After his wife’s death, Arthur moved away from London to Farringdon, near Alton. From that base, old papers show that he covered a wide area putting on dramatic performances in places such as Basingstoke, Alton, Alresford and Winchester, often assisted by his daughter Dorothy and sometimes by daughter Ruth
Arthur’s two sons were educated at St Paul’s School, where other notable students included the poet Laurence Binyon and Bernard (later to be Field Marshal) Montgomery. Both sons died in the First World War.
Second Lt. Martin Arthur Heathcote M C, 10th Bn. Royal Fusiliers, was killed in action in the Battle of the Somme, on 18/07/1916, age 23.
Martin’s elder brother, James Shirley Heathcote, had travelled to Canada and was at some stage a lecturer at the University of Saskatchewan. He met local girl Agnes Ethel Hatcher and they were married in Elkhorn, Manitoba in August 1912.
Lieutenant James Shirley Heathcote, 1st Bn. Coldstream Guards, died on 28/08/1917 of wounds received in the Battle of Loos, aged 30. He is buried in Kensal Green (All Souls’) Cemetery, London.
James was survived by his wife and a son, Martin Shirley Heathcote (b 1914).
Arthur’s sons are commemorated on the War Memorial in All Saints Church, Farringdon. There is also a memorial to James Shirley Heathcote in Canada. And there is a plaque in their honour at the back of Hursley Church, adjacent to the memorial to their grandfather, the fifth baronet.
Why did Arthur move to Compton? It was closer to his roots, although Hursley Park had been sold after death of Sir William in 1881. Daughter Dorothy lived at Hatch Thoke, in the Otterbourne Road (next to Compton Lodge).
The Commonwealth War Graves Commission website gives the details of James Shirley’s young widow as A. Ethel Heathcote, of Home Close, Compton. Could Home Close have been an annex to Compton Close? Arthur’s newly-widowed daughter-in-law would have needed somewhere to live.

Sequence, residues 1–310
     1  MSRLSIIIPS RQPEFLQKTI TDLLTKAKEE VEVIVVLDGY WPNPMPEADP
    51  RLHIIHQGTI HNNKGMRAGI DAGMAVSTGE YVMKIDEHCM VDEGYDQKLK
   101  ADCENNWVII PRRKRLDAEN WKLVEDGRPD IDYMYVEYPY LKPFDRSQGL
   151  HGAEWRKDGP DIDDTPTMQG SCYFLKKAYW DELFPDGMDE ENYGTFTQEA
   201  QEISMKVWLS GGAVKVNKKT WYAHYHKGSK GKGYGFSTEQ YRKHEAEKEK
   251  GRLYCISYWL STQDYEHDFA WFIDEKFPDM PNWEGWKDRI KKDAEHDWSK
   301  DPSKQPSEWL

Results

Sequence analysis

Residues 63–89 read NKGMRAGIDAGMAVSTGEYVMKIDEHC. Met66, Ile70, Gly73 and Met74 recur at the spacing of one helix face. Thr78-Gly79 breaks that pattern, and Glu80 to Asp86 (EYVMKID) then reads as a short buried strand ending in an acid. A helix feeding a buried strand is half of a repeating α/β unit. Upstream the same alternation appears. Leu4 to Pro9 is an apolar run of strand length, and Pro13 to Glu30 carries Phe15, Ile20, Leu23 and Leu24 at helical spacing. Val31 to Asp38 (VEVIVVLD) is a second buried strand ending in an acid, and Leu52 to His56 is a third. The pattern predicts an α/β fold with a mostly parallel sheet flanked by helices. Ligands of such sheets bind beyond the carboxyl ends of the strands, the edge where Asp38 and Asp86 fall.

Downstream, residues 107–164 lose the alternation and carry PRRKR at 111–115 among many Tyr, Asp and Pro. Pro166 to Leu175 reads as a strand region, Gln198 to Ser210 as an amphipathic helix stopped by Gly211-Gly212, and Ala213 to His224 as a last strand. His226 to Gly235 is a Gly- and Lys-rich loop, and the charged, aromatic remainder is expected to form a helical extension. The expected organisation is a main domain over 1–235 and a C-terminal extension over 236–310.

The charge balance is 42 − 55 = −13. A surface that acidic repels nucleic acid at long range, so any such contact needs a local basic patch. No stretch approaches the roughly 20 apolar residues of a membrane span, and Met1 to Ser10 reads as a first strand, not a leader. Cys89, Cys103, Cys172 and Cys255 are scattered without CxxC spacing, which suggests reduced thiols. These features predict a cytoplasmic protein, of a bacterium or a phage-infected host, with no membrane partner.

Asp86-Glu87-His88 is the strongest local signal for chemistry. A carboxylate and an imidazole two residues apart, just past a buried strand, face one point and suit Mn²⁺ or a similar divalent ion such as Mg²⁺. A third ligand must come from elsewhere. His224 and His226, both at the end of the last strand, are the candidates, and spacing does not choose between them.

Old parish magazines report performances by Mr. Arthur Heathcote (and his Company) at WI meetings, Rectory fêtes and many other local events.
After his death 85 years ago, on 5 August 1934, Rector Philip Cunningham wrote in the September 1934 Parish Magazine
With the death of Mr. A. M. Heathcote an outstanding personality has been removed from among us. He came to live in Compton in 1919, and ever since that time he has been making, year after year, great contributions to the life and interest, to the culture and pleasure of this parish.
If dramatic representation has become a sort of speciality of this parish, it is due to the work of Mr. Heathcote and to the patient and persistent teaching which he gave to his “Companies.”
We all owe him a great debt of gratitude, and especially those boys and young men, women and girls whom he taught so successfully to forget themselves and to impersonate the characters of Shakespeare and other dramatists with such laudable success.
The Heathcote Players, founded in his memory in March 1936, were active for most of the rest of the 20th century.
Arthur Malcolm Heathcote
The inscription below the framed photo of Arthur Heathcote reads:
Arthur Malcolm Heathcote, 1847 – 1934, in the character of Sir Peter Teazle.
In affectionate and grateful remembrance of one who, by the inspiration of his own acting, & by the unselfish devotion & enthusiasm in training others, will hold an honoured place among the benefactors of the Parish
Austin Whitaker wrote in Compton & Shawford, 1985
One of the longest-standing and most popular institutions has been the dramatic club, the Heathcote players, founded in 1936 and named after Mr. Arthur Heathcote, a talented amateur actor who had long encouraged productions in the village. For many years the Shawford Pantomime, written and produced by Mrs. B.M. Clegg, was a well-known and very popular attraction at Christmas time.
John Keble on Wikipedia